We unearthed thousands of internal documents that help explain how the Islamic State stayed in power so long. On five trips to battle-scarred Iraq, journalists for The New York Times scoured old Islamic State offices, gathering thousands of files abandoned by the militants as their ‘caliphate’ crumbled.By Rukmini Callimachi Photographs by Ivor Prickett April 4, 2018 MOSUL, Iraq — Weeks after the militants seized the city, as fighters roamed the streets and religious extremists rewrote the laws, an order rang out from the loudspeakers of local mosques. To make sure every government worker got the message, the militants followed up with phone calls to supervisors. When one tried to beg off, citing a back injury, he was told: “If you don’t show up, we’ll come and break your back ourselves.”
RUKMINI CALLIMACHI, a New York Times foreign correspondent, has covered ISIS since 2014. She has tracked the group's rise around the world from their encrypted, online chatrooms to on-the-ground reporting on four continents. Her new audio series, Caliphate, launches later this month.

Al-Qaeda’s Long Game


Islamist fighters from the al-Qaida affiliate in Syria wave their movement’s flag at the Yarmuk Palestinian refugee camp, south of Damascus, in July 2014. A new propaganda video from a resurgent al-Qaeda shows its leader, Ayman al-Zawahiri, positioning himself as the unifier of a fragmented jihadi movement. But it also echoes the group’s laser focus on its historical arch-enemy: the United States. ISIS’s propaganda machine is going dark as the group is cleared from its final strongholds in Iraq and Syria. Quietly in the shadows, accompanying ISIS’s territorial demise has been an equal and opposite resurgence by its jihadi rival, al-Qaeda.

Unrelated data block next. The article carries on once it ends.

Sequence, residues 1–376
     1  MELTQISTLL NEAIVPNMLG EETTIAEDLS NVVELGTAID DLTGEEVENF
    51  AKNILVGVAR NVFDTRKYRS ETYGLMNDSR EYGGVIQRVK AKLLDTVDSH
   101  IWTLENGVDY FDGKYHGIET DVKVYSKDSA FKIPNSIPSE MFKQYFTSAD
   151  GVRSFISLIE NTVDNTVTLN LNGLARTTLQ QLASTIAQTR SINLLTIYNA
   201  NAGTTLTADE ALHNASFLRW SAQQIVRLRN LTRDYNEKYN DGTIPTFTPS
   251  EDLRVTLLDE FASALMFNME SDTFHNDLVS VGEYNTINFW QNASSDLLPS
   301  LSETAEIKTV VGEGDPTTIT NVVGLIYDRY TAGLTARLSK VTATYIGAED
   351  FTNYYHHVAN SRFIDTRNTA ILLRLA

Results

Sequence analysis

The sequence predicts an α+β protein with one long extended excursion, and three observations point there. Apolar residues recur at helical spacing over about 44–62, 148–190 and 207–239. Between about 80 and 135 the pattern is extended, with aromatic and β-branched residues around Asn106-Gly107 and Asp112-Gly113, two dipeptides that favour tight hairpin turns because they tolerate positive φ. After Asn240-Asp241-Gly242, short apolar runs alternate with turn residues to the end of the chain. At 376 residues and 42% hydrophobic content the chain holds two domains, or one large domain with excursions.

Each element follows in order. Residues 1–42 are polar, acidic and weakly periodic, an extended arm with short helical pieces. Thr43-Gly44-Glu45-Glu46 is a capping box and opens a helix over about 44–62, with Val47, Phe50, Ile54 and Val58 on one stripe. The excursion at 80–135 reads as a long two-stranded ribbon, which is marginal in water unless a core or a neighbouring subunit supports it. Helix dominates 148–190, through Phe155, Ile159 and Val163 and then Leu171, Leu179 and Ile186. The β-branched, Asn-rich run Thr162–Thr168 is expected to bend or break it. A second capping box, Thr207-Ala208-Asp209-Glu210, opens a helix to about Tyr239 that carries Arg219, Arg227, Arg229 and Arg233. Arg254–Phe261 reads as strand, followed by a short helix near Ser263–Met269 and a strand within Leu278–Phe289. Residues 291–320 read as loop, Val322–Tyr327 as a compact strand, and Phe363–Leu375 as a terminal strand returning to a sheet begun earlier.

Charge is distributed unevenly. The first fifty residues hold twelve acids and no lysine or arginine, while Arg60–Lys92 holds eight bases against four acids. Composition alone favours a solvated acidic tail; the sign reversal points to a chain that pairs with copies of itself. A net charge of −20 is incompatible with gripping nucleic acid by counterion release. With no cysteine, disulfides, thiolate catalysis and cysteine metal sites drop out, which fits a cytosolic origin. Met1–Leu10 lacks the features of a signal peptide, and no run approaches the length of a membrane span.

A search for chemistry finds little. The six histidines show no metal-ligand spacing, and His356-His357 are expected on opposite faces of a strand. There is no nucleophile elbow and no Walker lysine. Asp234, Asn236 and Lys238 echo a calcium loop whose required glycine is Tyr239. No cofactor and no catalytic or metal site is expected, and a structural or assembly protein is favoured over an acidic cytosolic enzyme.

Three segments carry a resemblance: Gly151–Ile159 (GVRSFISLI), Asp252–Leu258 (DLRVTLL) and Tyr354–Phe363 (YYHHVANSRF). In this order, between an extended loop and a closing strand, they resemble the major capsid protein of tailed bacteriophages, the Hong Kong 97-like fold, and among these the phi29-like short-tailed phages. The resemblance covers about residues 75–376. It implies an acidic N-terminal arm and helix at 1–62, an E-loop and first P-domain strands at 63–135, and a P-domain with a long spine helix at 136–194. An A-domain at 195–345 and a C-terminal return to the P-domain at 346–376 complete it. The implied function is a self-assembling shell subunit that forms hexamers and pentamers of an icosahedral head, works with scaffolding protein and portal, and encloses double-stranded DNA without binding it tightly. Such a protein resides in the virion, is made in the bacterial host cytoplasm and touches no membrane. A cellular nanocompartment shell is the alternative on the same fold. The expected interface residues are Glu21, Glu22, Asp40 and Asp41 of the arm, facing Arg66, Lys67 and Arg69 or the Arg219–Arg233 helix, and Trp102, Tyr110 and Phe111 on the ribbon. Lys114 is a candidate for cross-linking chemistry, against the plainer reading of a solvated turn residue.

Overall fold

9 April 2018

ISIS 2.0 Is Really Just the Original ISIS


Nearly four months after Iraqi Prime Minister Haider al-Abadi declared that the Islamic State had been militarily defeated, the group has rapidly transformed back into a terrorist network and shows no sign of ending its campaign of attacks across northern Iraq. “ISIS’s proto-state no longer exists. Their flag doesn’t fly over Iraqi territory,” says Fareed Yasseen, the Iraqi ambassador to the United States. “But that doesn’t mean they’ve disappeared. They are reverting to old tactics used by al Qaeda before 2014.”

Trump’s new national security team likely spells disaster for the Iran nuclear deal

Suzanne Maloney